Prime Minister Justin Trudeau is standing by the Kinder Morgan pipeline project, even as the New Democrats and Greens in B.C. are teaming up to fight it.

"The decision we took on the Trans Mountain pipeline was based on facts and evidence on what is in the best interests of Canadians and indeed, all of Canada," Trudeau said Tuesday in Rome, where he held a joint news conference with Italian Prime Minister Paolo Gentiloni.

"Regardless of the change in government in British Columbia or anywhere, the facts and evidence do not change," he said.

Trudeau said his Liberal government understands that growing a strong economy requires taking leadership on both the environment and the economy.

"That is what drives us in the choices we make," he said. "We stand by those choices."

His comments come as the anti−pipeline Green Party and NDP in British Columbia announced Monday they’ve come to an agreement that could cast doubt on the project’s future.

The leaders of the two parties say they’ve reached a deal that could see the formation of a minority NDP government in the province.

Both have voiced their opposition to the Trans Mountain expansion, which would see the pipeline running from Edmonton to Burnaby nearly triple its capacity.

Kinder Morgan is expected to proceed Tuesday with its initial public offering for the expansion. Trudeau also praised the benefits that international trade can bring to a world where people are anxious about the future.

In a speech to Italian parliamentarians in Rome today, Trudeau held up the trade deal between Canada and the European Union as an example of an agreement that can both create new jobs and ensure more people can benefit from economic growth.

"We are proud of it, and you should be, too," Trudeau said Tuesday in his address to 45 parliamentarians and other dignitaries in the Sala della Regina, or the Queen’s Room, a majestic committee room at the Chamber of Deputies in the Italian Parliament.

"It will create the kind of growth that benefits all our citizens, not just our wealthiest," Trudeau said.

The trade agreement, known as CETA, is now being considered by the Senate.

Trudeau thanked the Italian parliamentarians who supported the deal, and said it would not have been possible without the support of "like−minded" leaders like Italian Prime Minister Paolo Gentiloni, with whom he is also meeting today.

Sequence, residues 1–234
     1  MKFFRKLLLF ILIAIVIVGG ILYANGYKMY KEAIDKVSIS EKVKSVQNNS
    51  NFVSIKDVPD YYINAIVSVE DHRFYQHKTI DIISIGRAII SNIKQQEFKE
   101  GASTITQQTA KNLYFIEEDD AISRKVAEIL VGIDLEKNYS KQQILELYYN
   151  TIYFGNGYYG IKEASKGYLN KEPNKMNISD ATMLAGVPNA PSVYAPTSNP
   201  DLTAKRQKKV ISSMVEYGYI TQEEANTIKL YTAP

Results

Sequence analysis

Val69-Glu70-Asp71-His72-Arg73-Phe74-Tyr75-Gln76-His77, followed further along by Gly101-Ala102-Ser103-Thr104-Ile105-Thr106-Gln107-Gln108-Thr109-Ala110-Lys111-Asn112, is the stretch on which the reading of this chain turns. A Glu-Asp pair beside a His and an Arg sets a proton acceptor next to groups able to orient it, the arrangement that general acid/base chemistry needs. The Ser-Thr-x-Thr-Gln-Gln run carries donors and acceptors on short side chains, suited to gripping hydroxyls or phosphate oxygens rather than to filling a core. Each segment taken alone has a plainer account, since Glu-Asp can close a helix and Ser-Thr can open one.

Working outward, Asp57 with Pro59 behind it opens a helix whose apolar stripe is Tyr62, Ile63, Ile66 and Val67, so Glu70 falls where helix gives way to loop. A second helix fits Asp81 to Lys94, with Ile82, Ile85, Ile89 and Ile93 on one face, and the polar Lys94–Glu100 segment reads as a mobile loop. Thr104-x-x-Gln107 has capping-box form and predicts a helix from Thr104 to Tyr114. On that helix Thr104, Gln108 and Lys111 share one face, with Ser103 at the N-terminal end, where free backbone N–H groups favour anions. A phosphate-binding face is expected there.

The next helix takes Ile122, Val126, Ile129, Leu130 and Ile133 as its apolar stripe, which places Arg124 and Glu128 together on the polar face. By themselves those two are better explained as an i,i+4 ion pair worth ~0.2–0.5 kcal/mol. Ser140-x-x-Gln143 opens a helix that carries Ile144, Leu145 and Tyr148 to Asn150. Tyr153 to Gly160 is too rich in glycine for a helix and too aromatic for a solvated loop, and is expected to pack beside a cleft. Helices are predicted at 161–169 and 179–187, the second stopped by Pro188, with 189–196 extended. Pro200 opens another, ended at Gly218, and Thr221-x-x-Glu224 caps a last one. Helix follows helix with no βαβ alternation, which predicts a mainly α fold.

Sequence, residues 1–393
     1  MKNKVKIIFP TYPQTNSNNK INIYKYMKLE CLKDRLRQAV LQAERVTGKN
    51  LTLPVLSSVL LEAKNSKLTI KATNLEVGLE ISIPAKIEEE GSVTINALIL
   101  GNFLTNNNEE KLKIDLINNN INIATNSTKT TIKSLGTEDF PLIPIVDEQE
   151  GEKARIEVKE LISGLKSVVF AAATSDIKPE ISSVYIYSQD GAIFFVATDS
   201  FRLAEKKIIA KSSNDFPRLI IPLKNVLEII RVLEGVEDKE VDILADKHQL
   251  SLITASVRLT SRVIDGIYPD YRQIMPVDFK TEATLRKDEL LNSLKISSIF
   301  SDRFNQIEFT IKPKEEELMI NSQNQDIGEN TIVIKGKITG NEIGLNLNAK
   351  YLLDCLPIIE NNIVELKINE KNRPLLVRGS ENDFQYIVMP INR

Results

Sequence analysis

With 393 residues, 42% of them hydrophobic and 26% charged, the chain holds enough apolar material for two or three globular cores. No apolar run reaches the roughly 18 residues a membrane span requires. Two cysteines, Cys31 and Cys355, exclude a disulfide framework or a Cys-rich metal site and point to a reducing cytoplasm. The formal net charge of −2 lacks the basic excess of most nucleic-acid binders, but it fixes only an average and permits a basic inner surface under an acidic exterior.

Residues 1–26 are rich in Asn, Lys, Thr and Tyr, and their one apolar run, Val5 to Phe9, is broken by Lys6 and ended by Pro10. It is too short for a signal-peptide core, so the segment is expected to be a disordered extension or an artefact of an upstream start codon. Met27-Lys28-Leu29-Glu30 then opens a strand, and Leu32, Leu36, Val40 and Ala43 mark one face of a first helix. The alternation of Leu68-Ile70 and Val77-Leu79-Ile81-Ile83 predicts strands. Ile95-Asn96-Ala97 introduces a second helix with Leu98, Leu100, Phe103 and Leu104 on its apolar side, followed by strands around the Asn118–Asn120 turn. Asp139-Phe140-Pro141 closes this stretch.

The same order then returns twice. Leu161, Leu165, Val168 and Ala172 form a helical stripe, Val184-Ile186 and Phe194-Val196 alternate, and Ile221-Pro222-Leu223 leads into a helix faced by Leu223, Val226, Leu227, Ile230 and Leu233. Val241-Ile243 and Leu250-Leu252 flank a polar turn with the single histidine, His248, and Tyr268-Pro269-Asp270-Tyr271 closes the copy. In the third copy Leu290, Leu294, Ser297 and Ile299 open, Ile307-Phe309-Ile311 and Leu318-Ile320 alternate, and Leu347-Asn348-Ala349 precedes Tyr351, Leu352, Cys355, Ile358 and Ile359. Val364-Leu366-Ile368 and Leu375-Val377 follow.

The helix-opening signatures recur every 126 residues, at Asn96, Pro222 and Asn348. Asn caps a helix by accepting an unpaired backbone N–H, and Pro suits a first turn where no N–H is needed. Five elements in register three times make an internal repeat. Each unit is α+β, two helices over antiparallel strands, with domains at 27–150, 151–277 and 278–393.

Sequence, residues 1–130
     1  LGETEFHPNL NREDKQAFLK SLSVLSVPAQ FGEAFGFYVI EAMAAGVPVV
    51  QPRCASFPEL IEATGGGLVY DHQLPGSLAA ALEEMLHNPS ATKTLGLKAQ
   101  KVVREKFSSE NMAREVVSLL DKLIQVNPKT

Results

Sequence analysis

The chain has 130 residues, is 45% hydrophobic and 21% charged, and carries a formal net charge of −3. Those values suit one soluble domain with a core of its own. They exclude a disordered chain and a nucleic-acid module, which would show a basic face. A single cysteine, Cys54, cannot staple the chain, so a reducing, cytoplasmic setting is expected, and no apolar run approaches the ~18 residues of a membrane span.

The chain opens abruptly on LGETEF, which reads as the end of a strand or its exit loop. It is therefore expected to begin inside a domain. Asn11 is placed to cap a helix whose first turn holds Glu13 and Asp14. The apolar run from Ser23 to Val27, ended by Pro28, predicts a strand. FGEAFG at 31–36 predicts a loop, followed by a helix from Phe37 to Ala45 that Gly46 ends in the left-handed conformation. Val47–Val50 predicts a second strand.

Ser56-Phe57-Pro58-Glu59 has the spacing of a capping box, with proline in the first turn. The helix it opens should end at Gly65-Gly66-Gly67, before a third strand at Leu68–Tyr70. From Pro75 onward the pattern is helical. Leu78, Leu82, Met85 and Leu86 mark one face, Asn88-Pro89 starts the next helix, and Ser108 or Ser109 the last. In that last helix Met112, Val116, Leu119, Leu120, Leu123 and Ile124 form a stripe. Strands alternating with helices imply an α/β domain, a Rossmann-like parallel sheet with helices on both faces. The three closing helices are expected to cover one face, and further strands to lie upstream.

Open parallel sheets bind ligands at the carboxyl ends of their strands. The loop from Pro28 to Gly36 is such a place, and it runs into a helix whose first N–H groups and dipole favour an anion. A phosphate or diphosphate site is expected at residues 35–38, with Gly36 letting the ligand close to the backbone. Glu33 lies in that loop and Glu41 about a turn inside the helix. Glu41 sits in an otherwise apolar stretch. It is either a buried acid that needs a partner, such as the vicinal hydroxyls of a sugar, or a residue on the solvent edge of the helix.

International Trade Minister Francois−Philippe Champagne says the Liberal government hopes to bring other countries onside with trade by making it "real" for people.

Trudeau is in Italy to promote trade and cultural ties between the two countries at the end of a trip to Europe that included the NATO meeting in Brussels, the G7 Summit in Sicily and a private audience with Pope Francis at the Vatican.

On Tuesday, Trudeau was introduced with glowing remarks by Laura Boldrini, president of the Chamber of Deputies, noting his efforts at fighting climate change.

Speaking in Italian, she said that this issue cannot be solved with simplistic solutions within the confines of a single country.

"The biggest challenge can’t be tackled alone," she said.

Pietro Grasso, president of the Senate, expressed concern over the "isolationism and protectionist sentiment" that was heard at the G7 summit.

Trudeau addressed the anxiety that people around the world are facing as "the twin forces of technology and globalization" that are changing everything, and quickly.

But he argued that this can bring solutions to problems like climate change.

"All these things are possible if we shape the great forces of change to deliver progress for people," Trudeau said. "That’s what progressive leadership does in moments like this."

"Leaders who think we can hide from these changes, or turn back the clock, are wrong," he said. "It’s our responsibility to harness these changes and make them work for people."

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